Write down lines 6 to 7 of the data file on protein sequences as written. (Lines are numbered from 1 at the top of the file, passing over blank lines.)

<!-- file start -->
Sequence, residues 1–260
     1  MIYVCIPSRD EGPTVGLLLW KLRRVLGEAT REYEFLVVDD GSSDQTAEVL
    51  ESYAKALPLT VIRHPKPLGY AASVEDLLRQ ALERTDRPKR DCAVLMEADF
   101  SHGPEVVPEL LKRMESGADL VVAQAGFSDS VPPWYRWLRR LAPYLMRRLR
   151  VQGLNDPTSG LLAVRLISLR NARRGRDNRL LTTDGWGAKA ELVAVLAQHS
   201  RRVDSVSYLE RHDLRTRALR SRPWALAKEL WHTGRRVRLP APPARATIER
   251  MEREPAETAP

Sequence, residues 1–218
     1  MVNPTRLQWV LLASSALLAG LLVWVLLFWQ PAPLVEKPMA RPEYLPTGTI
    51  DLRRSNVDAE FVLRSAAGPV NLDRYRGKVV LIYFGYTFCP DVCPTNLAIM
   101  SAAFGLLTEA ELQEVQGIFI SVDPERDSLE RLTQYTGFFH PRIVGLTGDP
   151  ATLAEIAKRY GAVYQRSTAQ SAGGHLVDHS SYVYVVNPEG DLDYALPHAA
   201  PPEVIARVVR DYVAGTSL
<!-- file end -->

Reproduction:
   201  RRVDSVSYLE RHDLRTRALR SRPWALAKEL WHTGRRVRLP APPARATIER
   251  MEREPAETAP